Subsequently, unofficially centralised governance within the EU resembles a left-wing mafia rather than a healthy democracy.  That is what Prime Minister Theresa May faces, despite her best efforts to sincerely promote an agreement in the mutual interests of both a departing UK and also the EU. Fortunately, she now realises this, as do a sufficient proportion of the UK electorate to give her a significant majority.  That may not influence the EU but it will help the UK to first deal with turbulence following a hasty exit from the EU before fulfilling its potential in the global economy.

various blogs 5

December 10, 2016

letters to Daily Mirror, not published:

10/12/16
It seems obvious what Labour must do to wim the next general election.
Stop opposing brexit and start opposing the privatisation of the NHS.
Brexit is going ahead and whilst a soft brexit won’t win any more votes from Remainers, it will lose them votes from Brexiteers.
Jeremy Corbyn and all Labour MP’s must go on the offensive over the NHS.
Not just whinging about Hunt’s manic delight but promising to overturn all his actions and hit the privateer’s where it hurts.
Brexit can only win votes for Tories and UKIP
NHS can win votes from Tories and UKIP
 

9/12/16
I’ll agree with your reader on compulsory voting, if we can have a “none of rhe above” box on the ballot.
It’d be interesting to see how often it would collect the most votes.

9/12/16
Your Reader is wrong to say that we have a representative democracy.
If it were so, our MP’s would vote according to what they believe their electorate would wish them to vote.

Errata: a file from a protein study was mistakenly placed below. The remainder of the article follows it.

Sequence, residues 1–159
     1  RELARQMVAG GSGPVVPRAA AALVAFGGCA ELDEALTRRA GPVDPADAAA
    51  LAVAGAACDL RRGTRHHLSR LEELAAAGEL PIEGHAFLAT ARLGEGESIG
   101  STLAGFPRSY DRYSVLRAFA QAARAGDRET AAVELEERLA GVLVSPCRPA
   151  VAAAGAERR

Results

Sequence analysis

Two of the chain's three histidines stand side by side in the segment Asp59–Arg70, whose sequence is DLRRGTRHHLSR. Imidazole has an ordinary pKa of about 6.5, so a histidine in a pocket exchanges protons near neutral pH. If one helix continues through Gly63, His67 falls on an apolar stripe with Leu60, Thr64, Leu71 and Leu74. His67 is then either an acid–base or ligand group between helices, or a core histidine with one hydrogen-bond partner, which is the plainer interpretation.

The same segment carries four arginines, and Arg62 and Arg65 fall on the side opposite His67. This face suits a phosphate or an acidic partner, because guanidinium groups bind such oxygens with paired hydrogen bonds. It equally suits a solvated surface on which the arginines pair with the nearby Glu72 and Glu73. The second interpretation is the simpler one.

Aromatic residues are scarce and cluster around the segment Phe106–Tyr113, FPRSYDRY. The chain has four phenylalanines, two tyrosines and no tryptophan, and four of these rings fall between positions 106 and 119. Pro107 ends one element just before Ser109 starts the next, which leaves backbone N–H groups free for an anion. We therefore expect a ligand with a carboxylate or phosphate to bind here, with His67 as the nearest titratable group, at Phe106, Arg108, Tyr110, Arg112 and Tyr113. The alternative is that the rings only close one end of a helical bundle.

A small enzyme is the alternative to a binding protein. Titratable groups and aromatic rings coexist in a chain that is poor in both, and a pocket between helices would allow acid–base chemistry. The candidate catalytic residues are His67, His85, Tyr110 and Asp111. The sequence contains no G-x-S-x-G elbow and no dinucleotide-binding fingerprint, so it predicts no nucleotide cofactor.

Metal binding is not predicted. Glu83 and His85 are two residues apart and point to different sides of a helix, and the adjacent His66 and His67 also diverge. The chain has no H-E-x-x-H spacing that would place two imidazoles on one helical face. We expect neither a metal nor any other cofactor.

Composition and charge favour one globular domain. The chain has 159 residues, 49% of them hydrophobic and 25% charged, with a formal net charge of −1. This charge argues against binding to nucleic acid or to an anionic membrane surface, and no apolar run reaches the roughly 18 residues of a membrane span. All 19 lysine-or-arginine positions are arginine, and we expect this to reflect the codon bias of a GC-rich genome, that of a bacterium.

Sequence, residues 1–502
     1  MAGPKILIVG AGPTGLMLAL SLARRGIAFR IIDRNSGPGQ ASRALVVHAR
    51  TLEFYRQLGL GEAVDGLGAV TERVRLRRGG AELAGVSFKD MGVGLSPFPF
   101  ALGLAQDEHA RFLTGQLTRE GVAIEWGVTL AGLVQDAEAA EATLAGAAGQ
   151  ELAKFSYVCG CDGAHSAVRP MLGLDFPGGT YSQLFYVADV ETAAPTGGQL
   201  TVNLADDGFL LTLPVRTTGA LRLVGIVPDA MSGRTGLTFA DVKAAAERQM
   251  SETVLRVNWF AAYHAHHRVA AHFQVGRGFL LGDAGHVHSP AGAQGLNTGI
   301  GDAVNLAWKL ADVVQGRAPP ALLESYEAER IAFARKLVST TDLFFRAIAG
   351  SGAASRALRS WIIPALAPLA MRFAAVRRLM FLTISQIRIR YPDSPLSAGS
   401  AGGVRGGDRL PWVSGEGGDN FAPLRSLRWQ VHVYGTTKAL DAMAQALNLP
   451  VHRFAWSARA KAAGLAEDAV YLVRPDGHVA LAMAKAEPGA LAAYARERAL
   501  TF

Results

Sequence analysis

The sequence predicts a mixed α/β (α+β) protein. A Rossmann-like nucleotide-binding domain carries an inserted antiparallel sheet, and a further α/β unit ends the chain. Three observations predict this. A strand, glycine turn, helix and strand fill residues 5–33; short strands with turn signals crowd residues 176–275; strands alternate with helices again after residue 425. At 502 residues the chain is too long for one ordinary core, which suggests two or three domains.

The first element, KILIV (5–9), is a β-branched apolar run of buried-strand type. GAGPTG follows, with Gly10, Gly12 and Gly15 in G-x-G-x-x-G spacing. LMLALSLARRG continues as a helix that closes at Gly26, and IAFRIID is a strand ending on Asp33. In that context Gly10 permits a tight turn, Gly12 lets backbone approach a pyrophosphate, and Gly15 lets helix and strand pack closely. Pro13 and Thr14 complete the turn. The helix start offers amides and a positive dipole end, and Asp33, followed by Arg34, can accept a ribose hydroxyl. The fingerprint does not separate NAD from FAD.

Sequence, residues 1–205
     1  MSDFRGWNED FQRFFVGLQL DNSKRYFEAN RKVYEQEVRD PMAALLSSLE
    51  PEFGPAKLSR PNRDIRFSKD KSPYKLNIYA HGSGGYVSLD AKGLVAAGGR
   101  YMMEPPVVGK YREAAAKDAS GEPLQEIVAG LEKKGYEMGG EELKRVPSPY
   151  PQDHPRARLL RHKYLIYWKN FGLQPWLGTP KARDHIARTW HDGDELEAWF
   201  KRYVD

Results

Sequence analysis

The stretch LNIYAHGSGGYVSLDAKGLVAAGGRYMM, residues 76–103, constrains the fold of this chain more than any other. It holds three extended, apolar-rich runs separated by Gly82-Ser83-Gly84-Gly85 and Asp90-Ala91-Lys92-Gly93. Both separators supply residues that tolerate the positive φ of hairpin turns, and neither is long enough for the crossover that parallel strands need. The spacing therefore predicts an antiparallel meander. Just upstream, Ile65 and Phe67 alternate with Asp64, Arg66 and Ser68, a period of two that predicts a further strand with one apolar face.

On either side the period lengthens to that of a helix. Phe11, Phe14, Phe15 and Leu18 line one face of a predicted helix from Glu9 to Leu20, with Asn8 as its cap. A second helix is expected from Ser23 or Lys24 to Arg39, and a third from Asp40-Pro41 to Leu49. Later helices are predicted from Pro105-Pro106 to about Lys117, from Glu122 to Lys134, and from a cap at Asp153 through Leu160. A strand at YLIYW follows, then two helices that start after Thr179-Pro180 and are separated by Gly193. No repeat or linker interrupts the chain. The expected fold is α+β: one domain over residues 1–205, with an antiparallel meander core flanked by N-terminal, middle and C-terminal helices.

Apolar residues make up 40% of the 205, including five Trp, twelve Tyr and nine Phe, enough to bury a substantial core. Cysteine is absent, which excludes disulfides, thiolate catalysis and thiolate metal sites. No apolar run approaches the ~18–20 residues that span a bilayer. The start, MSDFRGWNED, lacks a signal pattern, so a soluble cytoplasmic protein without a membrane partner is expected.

We actually have a Parliamentary Democracy, in which MP’s only consider their own wishes and self interest.
Usually that means, in order of priority, the party whip (Leader’s views), a rich lobbyist, a political clique, or, when needing to be re-elected, what their party agent advises.

8/12/16
It’s sad, when a retired ship like HMS Illustrious ( Lusty ) is sent to the scrapyard but why is it invariably a foreign scrapyard?
In this case, a Turkish one.
Wouldn’t it make political sense to dismantle her in the same yards where she was assembled?
It’d create work for our domestic workforce, reduce the need for imported steel feedstock and enable ship designer’s to re-examine the viability of their original technique’s.

This was published as was a response but not my response Viz:

published
#|t’s sad when a retired ship like HMS Illustrious is sent to the scrapyard, but why is it invariably a foreign scrapyard (Mirror, Dec 8)?
Wouldn’t it make sense to dismantle her in the same yards where she was assembled, creating jobs for our domestic workforce?
John Shale, Wigan

published
SINKING FEELING
# John Shale of Wigan asks why HMS Illustrious was scrapped abroad (Madeuthink,
Decemberi 2).
In Hartlepool, Able UK scrapped ships and won a contract from the US to scrap 13 of its Navy ships. Four were brought to the yard. There followed a five-year legal battle brought by people who said it was dangerous to scrap ships in the UK.
The go-ahead was finally given but because of the case, the contract for the others was lost. I imagine no UK yard wants that sort of hassle.
Alan Short Redcar, North Yorks

Not published
Thanks to to Alan Short from Redcar for his letter on the response to my query about HMS Illustrious.
I was able to find details here: http://www.bbc.co.uk/news/uk-england-tees-24636597
 It’s a shame that a compromise couldn’t be reached.
I’m sure that a British scrapyard would have been a lot more conscientious in the waste handling than often happens, elsewhere.
This BBC report suggests that the waste from the four ships, which were dismantled, was dealt with in a proper manner.
It’s also worth noting that the USA mostly handles the dismantling of old naval vessels in its own facilities, such as the Philadelphia naval yard (http://www.navsource.org/archives/05/scrappers.htm)

3/12/16

Brian Reade has correctly identified the problem with paedophiles in football.
It’s not that there are no whistleblowers but that those in authority have always tried to cover it up.
It is not a crime to do so and maybe it should be, at least in this particular case.